End of the Party?
“No sex, no drinking, no vomiting, no noise… and please remember that the street is not a toilet.”
The gist of the sign outside the four-club hedonist HQ at ul. Wielopole 15 in the city centre may have raised a few giggles – not to mention an eyebrow or two. It also reveals increasing levels of concern among residents of Krakow’s Old Town, who share their nights, year round, with thousands of tourists.
Records show that police have attended disturbances on Wielopole six times since June. They were called to the junction of Św. Tomasza and Św. Krzyża, where many party-goers congregate, 13 times during the same period.
Residents have now had enough, and are threatening to sue the city council if it cannot do anything to guarantee them a good night’s sleep. But their campaign faces bureaucratic and practical hurdles.
For a start, the city has thrived on tourists and the cash they bring in. This might not be so good for young families looking to buy their first property – Krakow’s Real Estate Market reports since 2004 have shown regular price increases and land and buildings being snapped up by hotel developers and others in the tourist and ex-pat industries. But it has certainly been a boon for many businesses and helped to swell the city’s coffers, and councillors are reluctant to make visitors feel unwelcome.
Another problem for Old Town residents is that Polish law makes no provision for the imposition of curfews, and there is no provision for preventing the sale of alcohol as long as the vendor has the correct licence. This latter point came to the fore when residents pushed for a by-law prohibiting stores in the city centre from selling alcohol between 9pm and 6am. Their application went before the city council in July, but was rejected almost immediately. Yet other European cities have successfully implemented such a by-law; in Tallinn, Estonia, stores cannot sell alcohol after 8pm – though pubs and clubs can.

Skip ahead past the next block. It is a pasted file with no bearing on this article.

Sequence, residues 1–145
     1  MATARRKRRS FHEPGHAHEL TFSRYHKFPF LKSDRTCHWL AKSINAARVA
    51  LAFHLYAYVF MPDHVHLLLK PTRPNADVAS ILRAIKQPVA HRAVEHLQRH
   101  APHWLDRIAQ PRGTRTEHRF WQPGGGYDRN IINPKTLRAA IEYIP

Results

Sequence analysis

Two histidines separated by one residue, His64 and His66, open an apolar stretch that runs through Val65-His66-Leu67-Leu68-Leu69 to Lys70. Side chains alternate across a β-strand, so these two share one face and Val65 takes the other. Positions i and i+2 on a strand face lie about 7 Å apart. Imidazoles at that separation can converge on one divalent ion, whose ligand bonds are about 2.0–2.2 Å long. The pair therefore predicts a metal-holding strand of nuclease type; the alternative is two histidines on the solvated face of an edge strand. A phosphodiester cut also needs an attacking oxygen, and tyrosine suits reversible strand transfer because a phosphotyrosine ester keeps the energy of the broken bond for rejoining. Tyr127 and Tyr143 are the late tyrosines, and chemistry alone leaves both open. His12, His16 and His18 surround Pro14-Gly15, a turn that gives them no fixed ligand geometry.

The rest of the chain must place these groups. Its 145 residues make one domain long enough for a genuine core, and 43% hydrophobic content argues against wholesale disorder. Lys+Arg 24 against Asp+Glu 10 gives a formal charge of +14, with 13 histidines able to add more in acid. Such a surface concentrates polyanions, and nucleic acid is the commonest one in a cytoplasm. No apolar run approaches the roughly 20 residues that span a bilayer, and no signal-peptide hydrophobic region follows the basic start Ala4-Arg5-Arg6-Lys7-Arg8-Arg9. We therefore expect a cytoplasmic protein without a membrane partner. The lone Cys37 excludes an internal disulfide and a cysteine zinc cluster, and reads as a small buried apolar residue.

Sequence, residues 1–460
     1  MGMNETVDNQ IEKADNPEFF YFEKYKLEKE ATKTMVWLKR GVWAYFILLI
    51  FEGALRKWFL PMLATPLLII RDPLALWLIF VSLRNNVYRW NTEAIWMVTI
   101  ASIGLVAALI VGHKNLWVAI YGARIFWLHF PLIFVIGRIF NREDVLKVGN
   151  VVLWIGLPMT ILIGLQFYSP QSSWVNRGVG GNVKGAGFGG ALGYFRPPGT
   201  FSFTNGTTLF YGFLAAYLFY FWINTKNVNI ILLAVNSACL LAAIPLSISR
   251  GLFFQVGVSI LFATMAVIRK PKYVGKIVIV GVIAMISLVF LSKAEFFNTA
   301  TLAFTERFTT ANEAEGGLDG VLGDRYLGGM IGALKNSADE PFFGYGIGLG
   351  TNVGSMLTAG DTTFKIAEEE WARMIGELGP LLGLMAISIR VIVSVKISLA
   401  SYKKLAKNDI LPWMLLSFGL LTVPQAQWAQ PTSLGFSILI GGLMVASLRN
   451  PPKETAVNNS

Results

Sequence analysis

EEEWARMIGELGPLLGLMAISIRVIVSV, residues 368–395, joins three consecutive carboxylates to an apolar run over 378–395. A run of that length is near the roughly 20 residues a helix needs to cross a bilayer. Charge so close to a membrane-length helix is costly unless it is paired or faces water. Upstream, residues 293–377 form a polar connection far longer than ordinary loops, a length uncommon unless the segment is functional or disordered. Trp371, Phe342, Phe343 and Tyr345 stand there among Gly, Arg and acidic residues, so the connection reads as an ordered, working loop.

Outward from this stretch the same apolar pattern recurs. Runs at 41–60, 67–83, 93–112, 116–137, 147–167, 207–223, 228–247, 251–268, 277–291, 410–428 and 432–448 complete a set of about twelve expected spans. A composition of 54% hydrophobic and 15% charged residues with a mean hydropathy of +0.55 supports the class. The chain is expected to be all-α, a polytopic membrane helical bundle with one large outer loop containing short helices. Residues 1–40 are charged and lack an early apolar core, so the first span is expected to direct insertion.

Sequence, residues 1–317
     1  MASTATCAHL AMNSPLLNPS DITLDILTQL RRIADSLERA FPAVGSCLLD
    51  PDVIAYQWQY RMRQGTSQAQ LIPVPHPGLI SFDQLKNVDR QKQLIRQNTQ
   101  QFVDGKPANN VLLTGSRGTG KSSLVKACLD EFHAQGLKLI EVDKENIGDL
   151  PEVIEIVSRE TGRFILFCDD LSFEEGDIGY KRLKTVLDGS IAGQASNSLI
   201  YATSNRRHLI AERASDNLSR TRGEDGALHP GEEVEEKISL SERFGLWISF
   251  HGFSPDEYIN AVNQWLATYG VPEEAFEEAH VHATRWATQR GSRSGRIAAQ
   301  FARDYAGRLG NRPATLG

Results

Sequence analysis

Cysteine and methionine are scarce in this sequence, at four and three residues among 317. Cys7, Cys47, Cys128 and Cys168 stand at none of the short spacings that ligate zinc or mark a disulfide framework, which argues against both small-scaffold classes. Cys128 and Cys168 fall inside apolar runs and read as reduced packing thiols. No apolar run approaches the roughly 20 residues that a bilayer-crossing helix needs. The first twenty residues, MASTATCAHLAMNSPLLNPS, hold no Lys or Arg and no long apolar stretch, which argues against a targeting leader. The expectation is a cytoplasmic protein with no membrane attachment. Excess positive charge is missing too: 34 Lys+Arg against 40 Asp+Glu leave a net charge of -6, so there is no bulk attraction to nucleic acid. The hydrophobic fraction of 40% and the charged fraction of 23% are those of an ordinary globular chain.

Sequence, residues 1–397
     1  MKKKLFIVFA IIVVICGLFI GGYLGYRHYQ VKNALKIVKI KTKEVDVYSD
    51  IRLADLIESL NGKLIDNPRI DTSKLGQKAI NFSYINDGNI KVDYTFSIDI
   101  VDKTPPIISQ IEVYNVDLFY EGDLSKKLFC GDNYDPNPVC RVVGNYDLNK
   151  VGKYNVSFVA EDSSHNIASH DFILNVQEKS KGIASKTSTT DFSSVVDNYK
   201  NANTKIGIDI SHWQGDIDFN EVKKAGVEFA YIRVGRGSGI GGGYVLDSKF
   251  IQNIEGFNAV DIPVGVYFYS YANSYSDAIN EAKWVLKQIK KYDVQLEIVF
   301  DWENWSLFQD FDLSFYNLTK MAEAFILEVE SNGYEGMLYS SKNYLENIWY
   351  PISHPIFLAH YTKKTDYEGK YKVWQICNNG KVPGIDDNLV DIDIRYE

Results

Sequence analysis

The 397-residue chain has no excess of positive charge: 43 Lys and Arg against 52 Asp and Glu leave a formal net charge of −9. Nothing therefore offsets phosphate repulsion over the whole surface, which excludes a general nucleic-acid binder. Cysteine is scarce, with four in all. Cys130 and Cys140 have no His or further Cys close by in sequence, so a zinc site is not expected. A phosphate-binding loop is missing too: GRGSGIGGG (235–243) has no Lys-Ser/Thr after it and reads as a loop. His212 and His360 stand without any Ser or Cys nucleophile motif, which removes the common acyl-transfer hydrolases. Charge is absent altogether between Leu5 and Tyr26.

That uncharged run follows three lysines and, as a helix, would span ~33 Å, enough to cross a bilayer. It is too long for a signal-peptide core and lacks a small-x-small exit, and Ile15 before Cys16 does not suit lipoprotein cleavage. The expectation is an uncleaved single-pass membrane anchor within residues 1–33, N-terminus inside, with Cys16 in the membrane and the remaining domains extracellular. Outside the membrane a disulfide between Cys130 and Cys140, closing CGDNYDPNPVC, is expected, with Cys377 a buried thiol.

What residents do have on their side is convention. It is widely accepted that City Guards can impose fines on drunken party-goers who disturb the peace between 10pm and 6am, and for drinking alcohol on the streets. Last year, officers handed out 5,000 fines for public order offences, and 18,000 for public drinking. It is also illegal for bars and shops to sell alcohol to intoxicated customers – though this can prove hard to enforce. The campaign for ‘Silent Nights’ has also met with some success, thanks to increased patrols by City Guards. Officers now patrol ul. Stolarska every night from Thursday to Sunday, a move that has been welcomed by the business owners. Filip Danielak of the Ambasada Śledzia café, told the newspaper Metro that he has been working with police to help protect the peace of residents living nearby.
Mr Danielak said: “In August, the City Guard visited me 30 times, and I did not get a single fine, because they found no noise disturbance. I even have a security guard.”
Extensive patrols, though, are not a solution, according to Marek Anioł, spokesman for Krakow’s City Guard. He told the newspaper Gazeta Krakowska that four times as many officers would be needed.
Mr Anioł added: “Before the summer we went to the clubs and warned them to pay attention to the behaviour of their guests. We patrol, and we write tickets, but we cannot put officers on every street.”
Monika Chylaszek, spokeswoman for the Mayor of Krakow, agreed, and said the city was sympathetic to the complaints.
She added: “It’s a difficult problem. We understand the residents, but you have to weigh up the options and not make the centre a desert. Fun in your free time is one of the charms of the city, and it is more responsible to punish those who drink alcohol outside the clubs than putting more guards everywhere.”
In Kazimierz, some bars and clubs have reached agreements with locals to help reduce noise. At Eszeweria, for example, the beer garden which backs onto residential properties, closes at 10pm each night. Other Polish cities have also implemented agreements or by-laws, such as ‘no-buy’ zones for alcohol around some of Warsaw’s party areas. In Wrocław there appears to be a more relaxed approach. A spokesman for the city said: “If you live in the centre, it must be reckoned with – it can be loud.”
This is something that Krakow’s residents have learned – and have shown that they are not willing to put up with.